James D. Melville, Washington's ambassador to Estonia, wrote that he hopes the US "will someday return to being right." Melville is the latest in a line of senior diplomats to step down over Trump's treatment of allies.
US Ambassador to Estonia James D. Melville has become the latest senior diplomat to step down over the policies of President Donald Trump. After 33 years in the State Department, Melville wrote in a private Facebook post that he could no longer countenance Trump's attitudes towards Washington's European Union allies.
"For the President to say the EU was 'set up to take advantage of the United States, to attack our piggy bank,' or that 'NATO is as bad as NAFTA' is not only factually wrong, but proves to me that it's time to go," Melville was quoted by Foreign Policy magazine as writing.
"I leave willingly and with deep gratitude for being able to serve my nation with integrity for many years, and with great confidence that America, which is and has always been, great, will someday return to being right," added Melville, who has been ambassador to Estonia since 2015.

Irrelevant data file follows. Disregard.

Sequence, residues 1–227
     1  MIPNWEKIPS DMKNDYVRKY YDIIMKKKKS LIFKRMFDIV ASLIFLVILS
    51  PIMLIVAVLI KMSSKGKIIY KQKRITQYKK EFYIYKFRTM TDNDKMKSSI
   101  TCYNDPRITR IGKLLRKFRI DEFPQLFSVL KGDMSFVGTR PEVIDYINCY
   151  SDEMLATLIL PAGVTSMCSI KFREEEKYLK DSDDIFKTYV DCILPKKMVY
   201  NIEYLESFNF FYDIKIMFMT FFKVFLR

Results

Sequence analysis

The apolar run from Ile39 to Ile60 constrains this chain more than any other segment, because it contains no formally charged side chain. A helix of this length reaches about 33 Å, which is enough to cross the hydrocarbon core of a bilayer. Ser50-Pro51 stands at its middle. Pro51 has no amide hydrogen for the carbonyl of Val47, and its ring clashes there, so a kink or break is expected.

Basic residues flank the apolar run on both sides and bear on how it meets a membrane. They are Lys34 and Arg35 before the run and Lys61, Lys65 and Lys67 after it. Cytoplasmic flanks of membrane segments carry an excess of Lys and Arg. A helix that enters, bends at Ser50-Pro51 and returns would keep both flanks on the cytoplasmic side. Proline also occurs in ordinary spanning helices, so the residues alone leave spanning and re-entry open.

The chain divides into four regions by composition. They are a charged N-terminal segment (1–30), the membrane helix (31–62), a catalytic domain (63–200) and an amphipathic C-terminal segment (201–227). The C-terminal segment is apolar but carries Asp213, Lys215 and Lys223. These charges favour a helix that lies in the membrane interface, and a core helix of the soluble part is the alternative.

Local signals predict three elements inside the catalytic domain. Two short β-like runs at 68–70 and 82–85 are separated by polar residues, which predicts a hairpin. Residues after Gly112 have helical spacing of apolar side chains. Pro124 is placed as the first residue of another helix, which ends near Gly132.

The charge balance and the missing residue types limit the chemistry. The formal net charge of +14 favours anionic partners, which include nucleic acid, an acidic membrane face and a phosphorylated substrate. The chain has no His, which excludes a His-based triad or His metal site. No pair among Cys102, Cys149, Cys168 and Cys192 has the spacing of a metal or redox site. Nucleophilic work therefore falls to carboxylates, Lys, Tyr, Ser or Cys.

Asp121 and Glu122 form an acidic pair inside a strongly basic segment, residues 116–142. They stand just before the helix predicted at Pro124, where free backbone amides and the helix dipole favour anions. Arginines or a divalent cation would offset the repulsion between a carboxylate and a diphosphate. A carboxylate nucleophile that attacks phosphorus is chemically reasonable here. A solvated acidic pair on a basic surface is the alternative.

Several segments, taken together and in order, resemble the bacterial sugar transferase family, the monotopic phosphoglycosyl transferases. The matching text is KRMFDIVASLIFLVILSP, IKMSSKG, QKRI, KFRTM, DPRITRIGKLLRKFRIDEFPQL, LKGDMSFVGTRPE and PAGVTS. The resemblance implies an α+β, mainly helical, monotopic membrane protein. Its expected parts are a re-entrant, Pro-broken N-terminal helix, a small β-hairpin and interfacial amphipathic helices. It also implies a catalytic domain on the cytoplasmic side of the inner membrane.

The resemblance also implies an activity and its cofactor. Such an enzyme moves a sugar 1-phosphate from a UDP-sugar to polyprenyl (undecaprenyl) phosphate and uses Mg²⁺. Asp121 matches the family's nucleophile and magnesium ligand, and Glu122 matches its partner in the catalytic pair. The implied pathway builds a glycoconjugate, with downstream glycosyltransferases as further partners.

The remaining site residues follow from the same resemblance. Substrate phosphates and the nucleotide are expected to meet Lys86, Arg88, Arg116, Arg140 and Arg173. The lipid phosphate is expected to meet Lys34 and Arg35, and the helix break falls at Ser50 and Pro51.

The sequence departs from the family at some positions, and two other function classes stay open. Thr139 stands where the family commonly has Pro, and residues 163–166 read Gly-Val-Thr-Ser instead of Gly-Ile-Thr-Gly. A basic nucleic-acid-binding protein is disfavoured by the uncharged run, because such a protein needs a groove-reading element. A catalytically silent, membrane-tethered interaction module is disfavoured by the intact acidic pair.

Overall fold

After serving in the US diplomatic corps under six presidents and 11 secretaries of state, Melville will go into early retirement on July 29.
'I can't do this any longer'
According to Foreign Policy, his colleagues in the State Department stressed the seriousness of a diplomat as senior as Melville stepping down over domestic politics.
"It means a lot when someone whose had it all in their career just says, 'I can't do this any longer,'" a source told the magazine.
Melville is the latest in a line of senior officials in the State Department who have stepped down over Trump's combative treatment of longtime US allies.
In March, former US Ambassador to Panama John Feely wrote a searing opinion piece in The Washington Post about his decision to resign. He criticized the president's failure to condemn a neo-Nazi rally in Charlottesville, Virginia.
He also wrote that he quit because the Trump administration had "warped and betrayed" American values.